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Festival Mural

Studio Visit – Laurence Vallières

12 April 2018

Whether in Berlin or Hawaii, the deserts of Burning man or the streets of Miami, Laurence Vallières impressive sculptures grab your attention. Vallières animals are typically engaged in typical, human, everyday-scenarios that will captivate your fascination.

In between two flights, we managed to catch Laurence Vallières at a quick stop at her Montreal studio, during which we had the opportunity to discover the menagerie and their artistic creator .

Located at the back of a massive manufacturing warehouse lies some of her artworks and several pieces of cardboard waiting to be turned into art, mixed with some small figurines and clay sculptures.

Tell us, how has your interest for art developed and when did you decide to make it your career?

When I was younger, I always liked art classes. When it was time to choose a path in college, I applied for human sciences to reassure my parents, but it only lasted one semester. Once I visited the art studios inside the school, I was hooked. They were simple big and white spaces, but I knew right away that’s what I wanted to do. I then followed with a Bachelor’s degree in Art and I went for it.

Which artists inspired you early on?

I’ve always been really impressed with sculptors, like Antony Gormley, Louise Bourgeois et Andy Goldsworthy, to name a few. The latter creates more installations than sculptures, but what he does is fabulous. It’s really poetic, I think.

Your sculptures often take an animal form. What attracts you to this subject in particular?

Satirical literature discussing anthropomorphism inspires a lot of my artworks, more specifically Maus by Art Spiegelman and Animal Farm by George Orwell. I think it is really interesting to use animals to discuss political situations and that’s kind of what I’m trying to translate with my art. I always liked the idea of representing typical human situations, may they be political, environmental or social, through animals.


You’re known for your artworks made out of cardboard. Why have you chosen this material?

It’s funny because I originally studied ceramics, clay was the material that first attracted me to the art world. Although, when I did my first exhibit, the space was really big and I was scared I wouldn’t be able to fill it. So, I wanted to create a massive art piece to place in the middle of the room and clay can’t really support the dimensions I wanted to occupy the space. Cardboard would be my best alternative. It’s a widely available and cheap medium that you can transform into massive pieces. Because my work was so different and the format pretty impressive, it quickly caught people’s attention. It grew in popularity at an incredible speed, so I continued on this path.

Can you explain your artistic approach and the different steps you go through when creating your cardboard sculptures?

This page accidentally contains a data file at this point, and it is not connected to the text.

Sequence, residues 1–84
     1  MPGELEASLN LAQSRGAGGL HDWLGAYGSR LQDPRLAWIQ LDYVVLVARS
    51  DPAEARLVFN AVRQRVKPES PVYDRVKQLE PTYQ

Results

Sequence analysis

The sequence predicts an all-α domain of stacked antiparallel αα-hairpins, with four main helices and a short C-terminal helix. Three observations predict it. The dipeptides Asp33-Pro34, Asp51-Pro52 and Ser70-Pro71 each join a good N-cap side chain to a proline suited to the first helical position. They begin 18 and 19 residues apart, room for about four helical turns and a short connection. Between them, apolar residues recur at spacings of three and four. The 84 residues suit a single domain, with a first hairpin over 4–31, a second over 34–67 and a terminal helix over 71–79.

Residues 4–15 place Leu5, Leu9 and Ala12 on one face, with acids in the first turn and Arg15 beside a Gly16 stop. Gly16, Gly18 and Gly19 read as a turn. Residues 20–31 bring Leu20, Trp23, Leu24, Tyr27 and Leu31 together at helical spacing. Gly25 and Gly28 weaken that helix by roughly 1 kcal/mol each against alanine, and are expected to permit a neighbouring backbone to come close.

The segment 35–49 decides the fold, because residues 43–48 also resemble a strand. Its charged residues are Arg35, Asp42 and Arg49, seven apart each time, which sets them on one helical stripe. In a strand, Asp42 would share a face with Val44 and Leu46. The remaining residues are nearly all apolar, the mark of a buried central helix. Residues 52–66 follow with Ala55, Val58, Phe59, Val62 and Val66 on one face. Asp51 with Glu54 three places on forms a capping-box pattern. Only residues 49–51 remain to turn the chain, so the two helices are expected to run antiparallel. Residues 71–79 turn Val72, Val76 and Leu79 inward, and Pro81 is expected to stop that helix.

Before, I’d first sculpt my artwork with clay and then recreate it in cardboard in a larger format. Or, I would get inspiration from small figurines I’d find at a store. However, these days, I don’t really need smaller models to refer to.

Also, my artworks were completely made out of cardboard before. Now, I use a lot of wood as a material of support inside the sculpture. It allows for a more stable and long-lasting sculpture and also allows for my artworks to be aerial.

As for my conceptual process, I often decide the subject of my artworks on the spot, depending on the place and the theme of the event I participate in. For example, for Pow Wow Hawaii, I sculpted a gecko, as there are a lot of these there. Likewise, at Art Basel Miami, I sculpted mooses, as the theme of Juxtapoz Clubhouse’s exhibition was kinda Canadian, with Whatisadam’s patriotic artworks, amongst others.


Your art allows you to travel a lot, which is your go-to place to create?

I like Germany a lot. I often go back there. It’s one of the only countries outside of Canada where I could see myself live.

The majority of your artworks are exhibited in galleries, but a lot of them also appear on the streets during festivals, like MURAL, or special art shows. What attracts you to public art? Can we expect to see more of your artworks outside in the future?

I’ve always had a fascination with urban art. Like many, Banksy was a big inspiration. I liked the political, yet satirical messages behind his art, it’s funny and intelligent at the same time.

I’ve never done any graffiti or murals, but I once did small cement sculptures that I brought into the streets incognito. It was my form of public art. It was also surprising to find a small green gargoyle instead of a big tag.

I would love to create more public art, but cardboard isn’t really made for that. It really is ephemeral, but that’s what it’s like to use cardboard as your main medium. Now, I’d love to work with the city to create more permanent pieces à la Jeff Koons.

What projects are you currently working on?

I’ve got a lot going on in the next few months. I’m going to China in a couple of days to participate in an exhibition by Yoho Magazine. It’s still a little unclear for me, I’ve never been to this country, so I can’t wait to see how it’s going to turn out! Then, I’m going to Crush Festival in Denver, I also have a sculpture to make in Morocco, and then there’s Pow Wow Lancaster in October. I also hope I’ll have the opportunity to participate in MURAL Festival again this year.

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